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Dearest 911 not the fastest?

2009-09-08 11:05
Vehicle Specs
Manufacturer Porsche
Model 911 Sport Classic
Engine 3.8l flat-six
Power 300kW @ 7 300r/min
Torque 420Nm @ 4 200-5 600r/min
Transmission Six-speed manual
Zero To Hundred 4.6 sec
Top Speed 302km/h
Fuel Tank 64l
Weight 1 425kg
Tyres F: 253/35 ZR 19, R: 305/30 ZR 19
Dream car for 1970s 911 fetishists or hugely cynical marketing exercise?

Meet Porsche’s (very) limited edition 911 Sport Classic - set to be one of the company's main attractions when next week's Frankfurt auto show opens.

It’s been a rather awful year for Porsche as the company’s management delivered it to near bankruptcy and resigned it to become another one of VW’s brands.

Currently Stuttgart prosecutors are investigating claims of rampant Porsche insider trading too. Not a happy state of affairs.

The engineers are still pretty switched on though.

From a product perspective the Porsche portfolio is still one of the most desirable around.

The company's latest 911 though, rather unoriginally named the Sport Classic, would appear to a bit of marketing department directive.

They’re only making 250, yet for such a limited edition run, it doesn’t appear to be awfully special at first.

Adding to the vexing logic surrounding this retro Carrera S, it's not the fastest 911 either, despite headlining the pricing table as by far the most expensive 911 on sale.

Hardly makes sense, now does it?

Retails for the price of a Cayman S and 911 Turbo combined. Hardly faster than the former and laughably slower than the latter.  Pointless car? Maybe not…

Contemporary RS chic?

What Porsche would like to have you believe is that the 911 Sport Classic is the embodiment of retro 1970s Porsche road racer cool.

Technically it’s based on the Carrera S. Has the same radically oversquare 3.8l flat-six engine, and weighs the same too – 1 425kg.

Thanks to some performance exhaust plumbing, modified cylinder heads, a new intake system and revised engine management electronics, power is up 17kW over the stock Carrera S.

Sport Classic peaks at 300kW, whilst maximum rotational force remains the same as a stock Carrera S though, with 420Nm.

Performance? Well, it's standard Carrera S fare too, 0-100km/h in 4.6 seconds, top speed around 302km/h.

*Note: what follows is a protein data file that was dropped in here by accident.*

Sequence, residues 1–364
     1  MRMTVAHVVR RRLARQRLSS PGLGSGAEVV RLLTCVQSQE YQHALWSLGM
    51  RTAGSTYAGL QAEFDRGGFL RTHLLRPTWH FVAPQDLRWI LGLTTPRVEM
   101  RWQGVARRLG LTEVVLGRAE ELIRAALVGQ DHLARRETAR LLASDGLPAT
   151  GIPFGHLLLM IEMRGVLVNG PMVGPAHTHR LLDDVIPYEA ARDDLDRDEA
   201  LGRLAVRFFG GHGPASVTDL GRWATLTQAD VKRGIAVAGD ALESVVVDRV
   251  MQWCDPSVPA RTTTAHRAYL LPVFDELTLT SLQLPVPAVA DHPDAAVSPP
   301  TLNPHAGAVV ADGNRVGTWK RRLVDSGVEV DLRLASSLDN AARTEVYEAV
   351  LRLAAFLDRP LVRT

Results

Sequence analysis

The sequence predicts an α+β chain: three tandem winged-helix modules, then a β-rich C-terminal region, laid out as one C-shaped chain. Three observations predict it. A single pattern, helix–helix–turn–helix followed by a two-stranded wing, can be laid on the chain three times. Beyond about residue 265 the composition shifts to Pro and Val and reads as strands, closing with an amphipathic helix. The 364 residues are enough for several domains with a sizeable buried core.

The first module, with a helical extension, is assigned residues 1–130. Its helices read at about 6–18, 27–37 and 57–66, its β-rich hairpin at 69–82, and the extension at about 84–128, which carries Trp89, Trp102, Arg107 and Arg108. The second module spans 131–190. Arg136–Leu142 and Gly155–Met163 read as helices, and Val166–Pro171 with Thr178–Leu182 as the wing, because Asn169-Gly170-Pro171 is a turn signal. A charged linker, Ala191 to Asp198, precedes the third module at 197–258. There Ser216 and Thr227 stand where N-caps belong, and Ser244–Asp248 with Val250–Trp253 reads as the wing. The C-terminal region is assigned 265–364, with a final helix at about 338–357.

The 250 Sport Classic cars drive their rear wheels via a limited-slip differential, changing ratios courtesy of a six-speed manual gearbox only – no clever tricky clutch PDK option here.

If Porsche wishes to conjure up memories of the legendary 911s RS, demanding handling and fluid chassis dynamics simply have to be part of the 911 Sport Classic package.

To this end the company’s fabled active suspension management package is standard and the Sport Classic rides 20mm lower than a Carrera S.

Fixed ducktail rear spoiler echoes a flood of Porsche racing memories.

All the right styling cues...

Sheet metal surfacing is where the most significant changes have been rung in.

The Sport Classic boasts a ducktail rear engine cover spoiler (reminiscent of the 1973 2.7 RS) and if you follow the roofline, you’ll notice some odd visual tension courtesy of its double-bubble surfacing – a la Carrera GT.

Other styling refinements include a new lip spoiler and black surrounds framing the bi-xenon headlights – a heritage lighting set-up harking back to the 1974 911 Turbo RSR.

Around the rear of the Sport Classic is Carrera 4S bodywork, accommodating a 34mm wider rear track, which should improve stability.

The Sport Classic’s styling piece de resistance though is found rolling in its four wheelarches.

Those black 19-inch Fuchs wheels should have 911 traditionalists reaching for their defibrillators...

Nothing is more retro Porsche than a set of Fuchs alloy wheels - the strikingly simple five-spoke, one-piece alloy wheels which adorned Porsche most focused road-going 911s of the 1960s and 70s.

The Sport Classic features 19-inch, five-blade Fuchs wheels finished in black, which looks extraordinarily good, contrasting perfectly with their yellow Porsche badged hubs and the Sport Classic’s grey-white lacquer.

Hiding behind those fabulous Fuchs wheels are cross-drilled and internally vented ceramic brakes.

Measuring a substantial 350mm in diameter fore and aft, these ceramic brakes are actuated by six-piston callipers on the front axle and four-piston grabbers at the rear. The Sport Classic should stop okay then, we reckon…

Despite the perceptible presence of cynical marketing in the execution of the Sport Classic, the 911 heritage details to add up to something quite desirable.

Although £140 049 list (by far the most expensive 911 on sale) for something slower than a GT3 RS or 911 Turbo still takes some explaining.


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